Experts say 2 more years until full economic recovery in Arizona

December 4, 2014

We can expect our economic recovery to take about another two years in Arizona. That’s what experts said Dec. 3 at the 51st annual Economic Forecast Luncheon co-sponsored by Arizona State University’s W. P. Carey School of Business and JPMorgan Chase.

About 750 people attended the event at the Phoenix Convention Center. Key experts delivered a comprehensive overview of what’s happening in the state and national economies, as well as the stock market and housing market. One main message was that Arizona is now growing at a faster rate than the nation, but we still have some distance to go. Research Professor Lee McPheters Download Full Image

“As of May, the United States finished gaining back 100 percent of its jobs lost in the recession, but in Arizona alone, we’re only 69 percent of the way there,” explained research professor Lee McPheters, director of the JPMorgan Chase Economic Outlook Center at the W. P. Carey School of Business. “We expect to regain that last 96,400 jobs in the next year and a half.”

So far this year, Arizona has experienced 2 percent job growth, while our state’s 30-year average is a much higher 4.2 percent. Still, this rate was good enough to rank Arizona as the No. 12 state for job growth as of October. Arizona ranked No. 13 in personal-income growth by midyear. McPheters believes the state will speed up from here.

Among his Arizona predictions for 2015:

Employment growth could rise from an expected 2.2 percent this year to 2.5 percent next year.
Personal-income growth could jump from 4 percent this year to 4.5 percent in 2015.
Population growth could go up from 1.4 percent in 2014 to 1.5 percent next year.

McPheters added Arizona is doing particularly well in creating jobs in finance/insurance and health care. The state is lagging in manufacturing and construction. Arizona unemployment has dropped from 7.8 percent last year to 6.8 percent this year. However, we continue to recover much more slowly than from past economic downturns, and we continue to face risks from ineffective growth policies at the national level.

John Lonski, chief capital markets economist of Moody’s Analytics, addressed the national economy by saying that we can expect more subpar growth in 2015.

“We expect U.S. real GDP (gross domestic product) growth to rise from an expected 2.2 percent this year to about 2.8 percent next year,” said Lonski. “We also anticipate the national unemployment rate may drop from 5.8 percent this October to 5.4 percent by the end of 2015.”

In addition, Lonski predicts U.S. wage and salary income should grow by about 4.5 percent next year. He believes industrial capacity will be more fully utilized. He said the housing collapse, tightening of fiscal policy, and insufficient new product development have been contributing to America’s economic struggle. However, he expects the next major wave of technological innovation to supply stronger-than-expected growth, whether it’s self-driving autos or robotics.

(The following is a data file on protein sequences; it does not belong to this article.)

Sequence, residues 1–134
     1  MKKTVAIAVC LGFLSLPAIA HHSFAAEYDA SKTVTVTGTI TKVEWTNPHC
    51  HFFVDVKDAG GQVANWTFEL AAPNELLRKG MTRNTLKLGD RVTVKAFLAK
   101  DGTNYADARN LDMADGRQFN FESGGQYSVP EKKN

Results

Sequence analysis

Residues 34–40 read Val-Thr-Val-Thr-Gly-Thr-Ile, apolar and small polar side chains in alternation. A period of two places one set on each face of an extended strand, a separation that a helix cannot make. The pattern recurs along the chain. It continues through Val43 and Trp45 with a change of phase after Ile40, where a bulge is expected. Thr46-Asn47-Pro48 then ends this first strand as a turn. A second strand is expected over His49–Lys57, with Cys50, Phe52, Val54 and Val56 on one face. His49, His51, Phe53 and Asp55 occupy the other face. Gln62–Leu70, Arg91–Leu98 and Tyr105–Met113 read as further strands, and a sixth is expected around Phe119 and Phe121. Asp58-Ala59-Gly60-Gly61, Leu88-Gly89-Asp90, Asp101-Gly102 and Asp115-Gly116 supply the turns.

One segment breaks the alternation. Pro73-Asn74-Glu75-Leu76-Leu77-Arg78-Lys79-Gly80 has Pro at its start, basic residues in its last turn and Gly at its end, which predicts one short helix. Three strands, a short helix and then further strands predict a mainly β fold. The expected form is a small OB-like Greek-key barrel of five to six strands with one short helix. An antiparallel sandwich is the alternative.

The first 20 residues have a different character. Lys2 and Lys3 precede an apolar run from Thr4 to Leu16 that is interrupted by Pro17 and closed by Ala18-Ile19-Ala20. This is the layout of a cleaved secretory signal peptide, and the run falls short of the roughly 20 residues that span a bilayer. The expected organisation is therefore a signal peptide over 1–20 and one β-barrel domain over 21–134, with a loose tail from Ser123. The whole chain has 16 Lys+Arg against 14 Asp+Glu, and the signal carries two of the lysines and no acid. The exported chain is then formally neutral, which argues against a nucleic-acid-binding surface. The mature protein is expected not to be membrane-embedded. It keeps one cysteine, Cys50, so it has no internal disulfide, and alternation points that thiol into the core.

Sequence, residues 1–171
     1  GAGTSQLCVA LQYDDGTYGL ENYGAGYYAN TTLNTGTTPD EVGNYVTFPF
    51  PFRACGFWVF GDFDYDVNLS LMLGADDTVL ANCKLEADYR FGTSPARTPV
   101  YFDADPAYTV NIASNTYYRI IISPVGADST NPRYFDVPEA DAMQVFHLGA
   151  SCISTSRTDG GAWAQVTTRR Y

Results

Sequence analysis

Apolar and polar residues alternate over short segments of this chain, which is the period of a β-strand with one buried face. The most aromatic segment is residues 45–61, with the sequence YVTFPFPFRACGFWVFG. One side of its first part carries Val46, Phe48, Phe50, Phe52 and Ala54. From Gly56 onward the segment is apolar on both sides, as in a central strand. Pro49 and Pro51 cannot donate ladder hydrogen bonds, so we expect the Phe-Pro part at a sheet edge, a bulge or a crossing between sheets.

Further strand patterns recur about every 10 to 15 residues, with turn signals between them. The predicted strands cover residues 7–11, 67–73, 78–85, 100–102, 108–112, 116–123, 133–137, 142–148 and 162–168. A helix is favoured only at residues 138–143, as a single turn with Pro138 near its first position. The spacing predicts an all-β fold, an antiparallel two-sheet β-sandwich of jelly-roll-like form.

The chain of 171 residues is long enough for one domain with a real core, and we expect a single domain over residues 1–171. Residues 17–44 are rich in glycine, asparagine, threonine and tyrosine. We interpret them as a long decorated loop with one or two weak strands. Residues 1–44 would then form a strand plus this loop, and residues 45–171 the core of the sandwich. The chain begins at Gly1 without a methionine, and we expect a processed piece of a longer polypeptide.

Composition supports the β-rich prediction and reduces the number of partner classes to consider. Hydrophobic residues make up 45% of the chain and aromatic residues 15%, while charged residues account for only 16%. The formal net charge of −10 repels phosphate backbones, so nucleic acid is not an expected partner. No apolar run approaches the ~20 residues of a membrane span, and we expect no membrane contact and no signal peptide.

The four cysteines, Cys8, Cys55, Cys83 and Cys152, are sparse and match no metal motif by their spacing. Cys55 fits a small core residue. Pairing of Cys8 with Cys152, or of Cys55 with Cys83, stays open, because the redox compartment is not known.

“We’re also experiencing some big changes because of a population shift,” Lonski added. “Only about 1.5 percent of the jobs added post-recession have gone to those ages 16 to 54, while those ages 55 and older gained 20.9 percent. This shift has prompted less spending and more saving, especially by those closer to retirement.”

Lonski also expects the budget deficit to go up, after bottoming out at 2.6 percent of GDP in 2015. That’s because of increased spending on retiring baby boomers, as well as the still-unknown costs of the Affordable Care Act. Decreased defense spending should moderate some of the increases.

James Glassman, managing director and senior economist for JPMorgan Chase & Co., covered the financial markets. He said that, despite the recent rise in stock prices, they are still fairly valued. He added household net worth is back in record territory.

“Credit conditions are improving, and rising vehicle sales prove it,” said Glassman. “Also, we’re seeing some improvements in the housing industry, since builders addressed their previous speculative overbuilding by underbuilding in recent years. Rising home prices are helping to drain the number of ‘underwater’ mortgages.”

Glassman notes the energy sector is also humming along. He expects interest rates to go up next year as the economy continues to improve.

Elliott D. Pollack, chief executive officer of Scottsdale-based economic consulting firm Elliott D. Pollack and Company, covered the Arizona housing market. He repeated that the state has recently experienced a significant slowdown in population flows and only a modest recovery from the sharp downturn in our housing market.